Considering his history — and his lack of any discernible ideology other than the pursuit of power on behalf of privileged constituencies — Senate Minority Leader Mitch McConnell’s plan for the coming year is entirely unsurprising. Axios reports: “Mitch McConnell has told colleagues and donors Senate Republicans won’t release a legislative agenda before next year’s midterms, according to people who’ve attended private meetings with the minority leader.”
This posture has always been the default position of the king of obstruction, who put his stamp on 21st-century politics by telling colleagues in 2009 that his party’s only real goal was making Barack Obama a one-term president. And it was perhaps the most important point of agreement between McConnell and Donald J. Trump, whose own interest in advancing policy was limited to the most crudely transactional of matters, such as rewarding supporters with tax cuts and giving conservative Christians a Supreme Court that would overturn Roe v. Wade.
Nevertheless, McConnell’s openness remains a bit shocking. Normally, big political parties feel an obligation to at least pretend they have legislative goals other than mucking up the works. But McConnell thinks having an agenda is someone else’s job, per Axios:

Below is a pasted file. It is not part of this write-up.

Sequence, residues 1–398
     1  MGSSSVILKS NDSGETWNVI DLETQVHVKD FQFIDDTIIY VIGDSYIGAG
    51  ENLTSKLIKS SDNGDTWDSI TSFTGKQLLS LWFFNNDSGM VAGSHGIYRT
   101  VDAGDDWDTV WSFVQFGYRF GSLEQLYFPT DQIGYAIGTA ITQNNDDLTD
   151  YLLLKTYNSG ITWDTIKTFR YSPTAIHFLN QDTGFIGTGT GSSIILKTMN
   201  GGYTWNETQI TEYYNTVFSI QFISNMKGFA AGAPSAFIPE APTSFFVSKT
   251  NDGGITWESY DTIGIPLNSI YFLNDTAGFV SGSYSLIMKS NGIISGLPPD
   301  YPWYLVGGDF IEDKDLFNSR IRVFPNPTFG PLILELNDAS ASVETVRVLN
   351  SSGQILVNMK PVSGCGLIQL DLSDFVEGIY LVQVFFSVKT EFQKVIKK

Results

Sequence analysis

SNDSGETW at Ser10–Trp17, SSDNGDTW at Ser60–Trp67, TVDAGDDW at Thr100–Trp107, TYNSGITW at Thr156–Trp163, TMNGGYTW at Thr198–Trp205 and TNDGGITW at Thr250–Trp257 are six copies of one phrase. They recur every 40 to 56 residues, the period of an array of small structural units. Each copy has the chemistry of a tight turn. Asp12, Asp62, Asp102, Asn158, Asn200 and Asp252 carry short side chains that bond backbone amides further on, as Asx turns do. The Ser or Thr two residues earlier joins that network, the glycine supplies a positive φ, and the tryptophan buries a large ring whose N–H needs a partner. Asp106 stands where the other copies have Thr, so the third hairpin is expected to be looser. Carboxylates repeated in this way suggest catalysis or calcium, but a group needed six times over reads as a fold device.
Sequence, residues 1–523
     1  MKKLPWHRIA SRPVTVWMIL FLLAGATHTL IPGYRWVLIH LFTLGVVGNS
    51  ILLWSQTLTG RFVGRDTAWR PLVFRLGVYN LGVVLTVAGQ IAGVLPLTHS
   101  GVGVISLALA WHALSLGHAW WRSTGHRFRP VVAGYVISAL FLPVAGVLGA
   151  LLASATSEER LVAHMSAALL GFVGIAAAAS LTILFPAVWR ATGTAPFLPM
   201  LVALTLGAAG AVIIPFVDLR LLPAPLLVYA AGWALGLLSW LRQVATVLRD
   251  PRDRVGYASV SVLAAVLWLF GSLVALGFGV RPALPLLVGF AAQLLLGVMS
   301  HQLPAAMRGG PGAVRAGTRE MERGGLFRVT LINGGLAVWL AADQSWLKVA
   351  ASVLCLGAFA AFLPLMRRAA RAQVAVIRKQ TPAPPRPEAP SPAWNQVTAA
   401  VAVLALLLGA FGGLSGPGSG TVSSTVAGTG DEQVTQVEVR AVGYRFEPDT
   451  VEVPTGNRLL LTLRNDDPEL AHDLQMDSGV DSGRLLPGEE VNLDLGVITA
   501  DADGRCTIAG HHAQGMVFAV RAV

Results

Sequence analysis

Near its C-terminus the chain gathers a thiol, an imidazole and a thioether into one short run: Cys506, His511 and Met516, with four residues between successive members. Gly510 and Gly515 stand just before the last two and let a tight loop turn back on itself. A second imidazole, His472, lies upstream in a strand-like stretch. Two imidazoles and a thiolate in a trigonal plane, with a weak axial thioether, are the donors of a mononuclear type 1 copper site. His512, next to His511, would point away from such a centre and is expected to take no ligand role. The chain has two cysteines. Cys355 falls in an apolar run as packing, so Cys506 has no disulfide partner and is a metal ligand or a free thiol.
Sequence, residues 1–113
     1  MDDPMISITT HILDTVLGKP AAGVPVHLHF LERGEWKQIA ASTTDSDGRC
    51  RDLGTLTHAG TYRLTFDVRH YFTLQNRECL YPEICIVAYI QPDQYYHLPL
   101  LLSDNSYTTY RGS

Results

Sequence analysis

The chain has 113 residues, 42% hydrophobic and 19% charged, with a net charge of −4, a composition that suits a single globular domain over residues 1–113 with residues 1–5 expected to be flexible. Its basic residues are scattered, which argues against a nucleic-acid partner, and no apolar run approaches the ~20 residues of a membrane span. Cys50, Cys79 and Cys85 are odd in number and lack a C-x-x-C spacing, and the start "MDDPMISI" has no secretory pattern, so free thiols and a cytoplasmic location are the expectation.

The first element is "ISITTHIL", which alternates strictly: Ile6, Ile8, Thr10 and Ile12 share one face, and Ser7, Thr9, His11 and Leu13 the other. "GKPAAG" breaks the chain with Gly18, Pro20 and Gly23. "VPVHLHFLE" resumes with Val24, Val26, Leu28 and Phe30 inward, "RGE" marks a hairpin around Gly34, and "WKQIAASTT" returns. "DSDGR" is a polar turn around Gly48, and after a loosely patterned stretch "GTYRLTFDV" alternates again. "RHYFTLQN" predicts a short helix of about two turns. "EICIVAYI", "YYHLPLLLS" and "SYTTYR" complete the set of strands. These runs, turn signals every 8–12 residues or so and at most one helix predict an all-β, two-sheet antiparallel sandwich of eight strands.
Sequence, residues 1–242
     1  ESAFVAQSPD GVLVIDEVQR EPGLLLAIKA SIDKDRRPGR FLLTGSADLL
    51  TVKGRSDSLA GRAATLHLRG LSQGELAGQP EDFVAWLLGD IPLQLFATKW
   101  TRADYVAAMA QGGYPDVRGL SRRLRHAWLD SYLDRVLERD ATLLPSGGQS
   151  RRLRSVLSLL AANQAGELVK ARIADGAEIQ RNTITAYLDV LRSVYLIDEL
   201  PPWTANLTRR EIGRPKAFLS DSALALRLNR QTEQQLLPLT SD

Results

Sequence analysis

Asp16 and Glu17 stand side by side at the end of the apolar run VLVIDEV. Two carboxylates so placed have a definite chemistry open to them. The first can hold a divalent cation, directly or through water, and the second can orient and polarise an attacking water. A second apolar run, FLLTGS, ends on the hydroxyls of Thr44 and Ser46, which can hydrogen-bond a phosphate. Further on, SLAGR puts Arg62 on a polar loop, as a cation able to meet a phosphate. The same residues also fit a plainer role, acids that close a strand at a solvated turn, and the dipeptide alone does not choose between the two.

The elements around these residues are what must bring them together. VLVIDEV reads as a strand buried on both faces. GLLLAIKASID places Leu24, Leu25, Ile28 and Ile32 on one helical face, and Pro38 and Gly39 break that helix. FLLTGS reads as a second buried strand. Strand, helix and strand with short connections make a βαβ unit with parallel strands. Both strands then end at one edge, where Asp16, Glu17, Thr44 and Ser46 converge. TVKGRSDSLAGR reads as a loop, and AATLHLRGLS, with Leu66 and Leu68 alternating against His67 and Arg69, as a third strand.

During the mid-November dinner, McConnell told the donor it would be the job of the next Republican nominee for president in 2024 to lay out the party’s future agenda.
Until then, Republicans should be 100 percent focused on Democrats and all the “terrible” things they’re doing to the country, McConnell said, according to the source.
Since the likely Republican nominee for president in 2024 is, of course, Donald Trump, whose principal agenda is promoting the Big Lie of a stolen 2020 election and purging his party of anyone who won’t buy it, McConnell is basically saying Republicans don’t need to be for anything at all for the foreseeable future. The GOP is free to become a vehicle for those who vote out of rage, resentment, disappointment, or subscription to conspiracy theories. Standing for something positive would just get in the way.